• Decrease font size
  • Return font size to normal
  • Increase font size
U.S. Department of Health and Human Services

Science & Research

  • Print
  • Share
  • E-mail

atBioNet

 atBioNet - an Integrated Network Analysis Tool for
Knowledge Expansion, Network Modeling and Visualization
in Genomics and Proteomics
 

 

atBioNet in large bold lettering on a black background with colored clusters which represent cellular structure

 

Overview

atBioNet is a free, user friendly, web-based network analysis tool for analyzing, visualizing, and interpreting genomics or proteomics data. The user supplies atBioNet with a list of proteins or genes, and atBioNet then creates an interactive graphical network model that can identify key functional modules. Pathway information from the Kyoto Encyclopedia of Genes and Genomes (KEGG) is directly integrated within atBioNet for enrichment analysis and assessment of the biological meaning of modules.
 

atBioNet database, network modeling and function model identification

atBioNet integrates seven publicly available protein-protein interaction (PPI) databases for its knowledge base1. Interactions from this integrated PPI network are used to expand a user’s protein/gene list into a relevant network. Then, functional modules are detected by applying a fast network clustering algorithm2. The top six functional modules can be visualized either separately or in the context of the whole network3. Detailed statistics about the network are available to the user. Two example cases built using publicly available gene signatures, including acute lymphoblastic leukemia4 and systemic lupus erythematosus5, are provided to assists users in familiarizing themselves with the tool.
 

Link for software:
 

FDA version:
Launch atBioNet (FDA)

non-FDA version:
Launch atBioNet (non-FDA)

 

Citation - Please cite the following for publications that incorporate analysis using atBioNet:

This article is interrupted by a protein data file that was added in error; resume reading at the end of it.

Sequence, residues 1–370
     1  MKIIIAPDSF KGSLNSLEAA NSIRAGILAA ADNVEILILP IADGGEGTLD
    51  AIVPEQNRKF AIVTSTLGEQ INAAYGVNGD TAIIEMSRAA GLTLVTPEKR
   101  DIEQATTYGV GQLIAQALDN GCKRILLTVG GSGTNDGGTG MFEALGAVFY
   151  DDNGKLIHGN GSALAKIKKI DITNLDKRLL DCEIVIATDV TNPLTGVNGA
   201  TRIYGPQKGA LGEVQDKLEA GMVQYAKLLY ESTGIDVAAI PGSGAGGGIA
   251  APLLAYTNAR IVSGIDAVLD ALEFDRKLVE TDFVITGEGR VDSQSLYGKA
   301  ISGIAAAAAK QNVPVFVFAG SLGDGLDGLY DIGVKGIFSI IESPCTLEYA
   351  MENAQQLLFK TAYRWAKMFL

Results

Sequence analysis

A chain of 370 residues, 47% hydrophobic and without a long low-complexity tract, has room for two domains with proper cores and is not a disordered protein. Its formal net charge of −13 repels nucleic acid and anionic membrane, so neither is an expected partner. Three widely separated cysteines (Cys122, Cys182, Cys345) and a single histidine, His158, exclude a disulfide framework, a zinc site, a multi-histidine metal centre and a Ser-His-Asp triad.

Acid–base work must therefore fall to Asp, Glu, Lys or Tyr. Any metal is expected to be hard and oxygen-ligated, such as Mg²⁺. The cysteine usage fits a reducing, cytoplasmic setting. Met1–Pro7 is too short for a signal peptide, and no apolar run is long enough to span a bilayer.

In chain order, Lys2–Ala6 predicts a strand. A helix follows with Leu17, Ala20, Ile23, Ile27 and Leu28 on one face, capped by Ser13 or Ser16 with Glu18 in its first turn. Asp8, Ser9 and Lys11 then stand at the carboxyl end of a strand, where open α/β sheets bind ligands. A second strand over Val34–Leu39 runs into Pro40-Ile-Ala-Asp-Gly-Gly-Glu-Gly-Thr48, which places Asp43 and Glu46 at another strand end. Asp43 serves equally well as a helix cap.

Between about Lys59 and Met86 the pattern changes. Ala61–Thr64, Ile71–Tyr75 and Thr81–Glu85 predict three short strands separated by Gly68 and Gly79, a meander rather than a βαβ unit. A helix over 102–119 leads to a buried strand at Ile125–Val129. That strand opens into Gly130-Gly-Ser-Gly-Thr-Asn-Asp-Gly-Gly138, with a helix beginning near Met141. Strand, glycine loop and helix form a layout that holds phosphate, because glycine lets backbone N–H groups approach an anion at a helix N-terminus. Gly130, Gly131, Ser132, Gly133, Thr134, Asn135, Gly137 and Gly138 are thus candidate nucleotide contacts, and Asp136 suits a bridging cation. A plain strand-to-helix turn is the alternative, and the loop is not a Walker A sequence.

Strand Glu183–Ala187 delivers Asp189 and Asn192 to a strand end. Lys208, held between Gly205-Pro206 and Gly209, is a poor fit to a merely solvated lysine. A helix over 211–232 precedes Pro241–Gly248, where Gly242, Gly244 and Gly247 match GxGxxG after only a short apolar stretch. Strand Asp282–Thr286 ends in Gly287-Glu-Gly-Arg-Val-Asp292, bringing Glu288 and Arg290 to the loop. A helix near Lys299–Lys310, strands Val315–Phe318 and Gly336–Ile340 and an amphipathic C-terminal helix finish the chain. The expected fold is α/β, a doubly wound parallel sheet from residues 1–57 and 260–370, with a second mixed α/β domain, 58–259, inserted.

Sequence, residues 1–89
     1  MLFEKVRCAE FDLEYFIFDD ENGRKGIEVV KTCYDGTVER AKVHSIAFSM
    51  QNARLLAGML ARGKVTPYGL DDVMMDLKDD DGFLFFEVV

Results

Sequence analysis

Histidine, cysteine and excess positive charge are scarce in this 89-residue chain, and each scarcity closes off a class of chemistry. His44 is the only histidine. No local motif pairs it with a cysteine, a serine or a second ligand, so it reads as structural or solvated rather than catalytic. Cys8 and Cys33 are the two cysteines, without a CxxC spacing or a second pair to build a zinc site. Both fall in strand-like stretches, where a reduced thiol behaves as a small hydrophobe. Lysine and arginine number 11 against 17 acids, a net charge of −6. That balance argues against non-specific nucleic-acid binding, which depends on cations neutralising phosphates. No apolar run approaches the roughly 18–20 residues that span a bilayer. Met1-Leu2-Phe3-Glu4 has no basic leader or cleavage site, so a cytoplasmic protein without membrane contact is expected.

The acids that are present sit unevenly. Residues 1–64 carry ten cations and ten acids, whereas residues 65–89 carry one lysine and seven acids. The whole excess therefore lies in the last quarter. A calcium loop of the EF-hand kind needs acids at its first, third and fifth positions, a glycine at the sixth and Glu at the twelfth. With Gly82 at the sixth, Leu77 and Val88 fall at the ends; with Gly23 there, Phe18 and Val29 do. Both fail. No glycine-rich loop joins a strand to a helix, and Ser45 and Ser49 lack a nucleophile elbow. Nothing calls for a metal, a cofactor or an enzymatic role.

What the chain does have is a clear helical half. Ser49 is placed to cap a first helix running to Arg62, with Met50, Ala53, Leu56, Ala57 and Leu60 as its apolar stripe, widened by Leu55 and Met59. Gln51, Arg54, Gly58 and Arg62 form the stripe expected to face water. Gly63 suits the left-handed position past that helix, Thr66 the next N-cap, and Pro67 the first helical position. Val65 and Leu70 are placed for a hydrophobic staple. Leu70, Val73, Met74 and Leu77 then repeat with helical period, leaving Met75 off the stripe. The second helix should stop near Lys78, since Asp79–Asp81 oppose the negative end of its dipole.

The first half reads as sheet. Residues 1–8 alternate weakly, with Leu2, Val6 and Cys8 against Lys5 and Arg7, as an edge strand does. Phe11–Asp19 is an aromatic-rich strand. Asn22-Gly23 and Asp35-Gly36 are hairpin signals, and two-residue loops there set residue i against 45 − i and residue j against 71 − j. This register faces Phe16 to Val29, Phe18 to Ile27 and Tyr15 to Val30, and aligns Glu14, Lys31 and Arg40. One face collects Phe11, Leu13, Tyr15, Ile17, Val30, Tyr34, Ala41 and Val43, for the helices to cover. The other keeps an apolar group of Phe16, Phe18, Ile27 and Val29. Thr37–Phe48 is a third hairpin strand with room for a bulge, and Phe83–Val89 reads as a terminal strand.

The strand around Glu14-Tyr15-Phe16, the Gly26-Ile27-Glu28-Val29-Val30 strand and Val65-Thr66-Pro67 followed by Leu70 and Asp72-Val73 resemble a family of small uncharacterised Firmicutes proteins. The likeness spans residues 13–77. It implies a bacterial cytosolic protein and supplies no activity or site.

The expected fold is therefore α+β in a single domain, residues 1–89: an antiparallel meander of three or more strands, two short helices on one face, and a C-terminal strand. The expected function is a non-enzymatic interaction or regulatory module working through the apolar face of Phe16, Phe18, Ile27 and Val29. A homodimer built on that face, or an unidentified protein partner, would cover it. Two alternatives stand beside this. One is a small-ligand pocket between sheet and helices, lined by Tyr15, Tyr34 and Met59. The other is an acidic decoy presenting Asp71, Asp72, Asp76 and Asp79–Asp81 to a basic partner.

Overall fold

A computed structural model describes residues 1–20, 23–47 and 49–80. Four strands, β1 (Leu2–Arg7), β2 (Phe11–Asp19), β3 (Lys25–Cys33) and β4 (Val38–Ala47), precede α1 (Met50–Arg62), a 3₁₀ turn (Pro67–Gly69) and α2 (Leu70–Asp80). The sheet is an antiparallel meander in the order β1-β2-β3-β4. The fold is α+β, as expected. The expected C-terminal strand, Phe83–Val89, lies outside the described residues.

Yijun Ding, Minjun Chen, Zhichao Liu, Don Ding, Yanbin Ye, Min Zhang, Reagan Kelly, Li Guo, Zhenqiang Su, Stephen C Harris, Feng Qian, Weigong Ge, Hong Fang, Xiaowei Xu, Weida Tong, atBioNet– an Integrated Network Analysis Tool for Genomics and Biomarker Discovery. BMC Genomics, 2012, 13:325 http://www.biomedcentral.com/1471-2164/13/325/disclaimer icon
 

Link for manual:

atBioNet Get Started:
Click here for the pdf manual.
 

Requirements:

Operating system(s): Platform independent; tested on Windows XP/Vista/7, Linux/Ubuntu/Redhat, and Mac (with an Intel core2 duo or better)
Programming language: Java
Other requirements: Java 1.6 or higher, 2 GB RAM
License: None required

 

References:

1. Martha V-S, Liu Z, Guo L, Su Z, Ye Y, Fang H, Ding D, Tong W, Xu X: Constructing a robust protein-protein interaction network by integrating multiple public databases. BMC Bioinformatics 2011, 12(Suppl 10):S7. Articledisclaimer icon

2. Xu X, Yuruk N, Feng Z, Schweiger T: SCAN: a structural clustering algorithm for networks. In: In Proceedings of the 13th ACM SIGKDD international conference on Knowledge Discovery and Data Mining. San Jose, California, USA; 2007: 824-833.

3. A Adar E: GUESS: a language and interface for graph exploration. In: CHI '06: Proceedings of the SIGCHI conference on Human Factors in computing systems. New York, NY, USA: ACM; 2006: 791--800. GUESS Homedisclaimer icon 

4. Golub TR, Slonim DK, Tamayo P, Huard C, Gaasenbeek M, Mesirov JP, Coller H, Loh ML, Downing JR, Caligiuri MA et al: Molecular classification of cancer: class discovery and class prediction by gene expression monitoring. Science 1999, 286(5439):531-537.

5. Arasappan D, Tong W, Mummaneni P, Fang H, Amur S: Meta-analysis of microarray data using a pathway-based approach identifies a 37-gene expression signature for systemic lupus erythematosus in human peripheral blood mononuclear cells. BMC Med 2011, 9:65. Articledisclaimer icon
 

Contact Information:

For questions or suggestions, please contact Hong Fang, Ph.D., FDA/NCTR at 870-543-7538 or by email.

To report technical problems or get assistance, please contact NCTR Bioinformatic Support.